if f in sqrt(f(x)) is differentiable, would it equal to

f'(x)

------

2sqrt[f(x)] ?

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- Feb 19th 2010, 10:28 AMEvan.Kimiaderivative question.
if f in sqrt(f(x)) is differentiable, would it equal to

f'(x)

------

2sqrt[f(x)] ? - Feb 19th 2010, 10:29 AMEvan.Kimia
trying this out with x^3, i get 2(x^3)-1*(3x^2), and i think this would yield....

3x^2

------

2(x^3)

I know this is a dumb simplification problem but i just wanted some clarification. thanks. - Feb 19th 2010, 10:33 AMe^(i*pi)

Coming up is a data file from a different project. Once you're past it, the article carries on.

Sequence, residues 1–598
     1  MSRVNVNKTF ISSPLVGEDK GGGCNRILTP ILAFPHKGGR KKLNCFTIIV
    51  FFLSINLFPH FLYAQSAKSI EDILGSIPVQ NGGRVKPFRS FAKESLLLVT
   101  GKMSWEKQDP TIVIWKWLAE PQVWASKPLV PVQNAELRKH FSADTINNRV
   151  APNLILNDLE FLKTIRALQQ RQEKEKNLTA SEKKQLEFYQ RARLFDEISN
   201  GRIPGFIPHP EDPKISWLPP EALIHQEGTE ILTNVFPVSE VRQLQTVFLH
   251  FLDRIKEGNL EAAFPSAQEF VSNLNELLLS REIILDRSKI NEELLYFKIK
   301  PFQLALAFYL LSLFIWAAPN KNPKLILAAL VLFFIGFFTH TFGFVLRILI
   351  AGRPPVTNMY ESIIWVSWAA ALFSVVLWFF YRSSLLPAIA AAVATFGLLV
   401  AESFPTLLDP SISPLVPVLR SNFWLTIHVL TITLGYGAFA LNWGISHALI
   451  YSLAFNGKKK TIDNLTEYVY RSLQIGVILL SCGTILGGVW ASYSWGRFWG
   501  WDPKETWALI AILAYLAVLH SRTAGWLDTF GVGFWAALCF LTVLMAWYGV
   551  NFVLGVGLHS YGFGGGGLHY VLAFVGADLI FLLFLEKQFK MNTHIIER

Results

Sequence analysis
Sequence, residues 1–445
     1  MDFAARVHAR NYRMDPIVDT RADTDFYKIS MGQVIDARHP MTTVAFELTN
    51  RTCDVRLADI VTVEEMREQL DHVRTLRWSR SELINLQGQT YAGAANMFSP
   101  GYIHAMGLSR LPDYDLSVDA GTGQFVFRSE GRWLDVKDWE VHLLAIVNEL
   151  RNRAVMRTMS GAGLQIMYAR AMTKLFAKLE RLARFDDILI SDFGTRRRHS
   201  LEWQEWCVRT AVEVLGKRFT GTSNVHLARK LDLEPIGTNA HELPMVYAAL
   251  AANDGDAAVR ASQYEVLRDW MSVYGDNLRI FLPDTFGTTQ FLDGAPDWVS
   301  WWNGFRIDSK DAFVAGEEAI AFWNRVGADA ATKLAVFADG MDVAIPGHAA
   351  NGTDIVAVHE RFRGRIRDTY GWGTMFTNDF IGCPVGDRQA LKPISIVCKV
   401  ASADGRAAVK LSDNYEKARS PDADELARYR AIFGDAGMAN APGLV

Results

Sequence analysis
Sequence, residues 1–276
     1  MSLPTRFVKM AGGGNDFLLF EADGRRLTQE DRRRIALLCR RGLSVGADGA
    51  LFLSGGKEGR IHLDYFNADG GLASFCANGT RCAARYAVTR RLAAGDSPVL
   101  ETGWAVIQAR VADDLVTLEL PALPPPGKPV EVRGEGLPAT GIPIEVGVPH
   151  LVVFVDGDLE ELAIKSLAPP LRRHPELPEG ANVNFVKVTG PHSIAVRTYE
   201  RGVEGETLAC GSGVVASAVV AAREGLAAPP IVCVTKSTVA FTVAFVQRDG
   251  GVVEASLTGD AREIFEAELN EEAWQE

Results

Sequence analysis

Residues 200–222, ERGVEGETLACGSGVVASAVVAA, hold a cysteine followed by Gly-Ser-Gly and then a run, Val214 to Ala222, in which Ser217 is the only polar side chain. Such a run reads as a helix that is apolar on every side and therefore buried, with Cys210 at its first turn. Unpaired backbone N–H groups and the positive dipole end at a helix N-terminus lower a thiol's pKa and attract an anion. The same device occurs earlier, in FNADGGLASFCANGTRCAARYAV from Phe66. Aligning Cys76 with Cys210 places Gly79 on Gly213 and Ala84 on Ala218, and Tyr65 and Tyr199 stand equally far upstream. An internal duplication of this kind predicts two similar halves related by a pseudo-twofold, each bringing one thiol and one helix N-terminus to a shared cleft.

- Feb 19th 2010, 12:26 PMebaines
Not quite right. You should have:

$\displaystyle

f(x) = \sqrt {x^3}

$

$\displaystyle

f'(x) = \frac {3x^2} {2 \sqrt{x^3}} = \frac 3 2 \sqrt x

$

An easier way is to realize that

$\displaystyle \sqrt {x^3} = x^{3/2}

$

So you get right to:

$\displaystyle

f'(x) = \frac 3 2 x^{1/2} = \frac 3 2 \sqrt x

$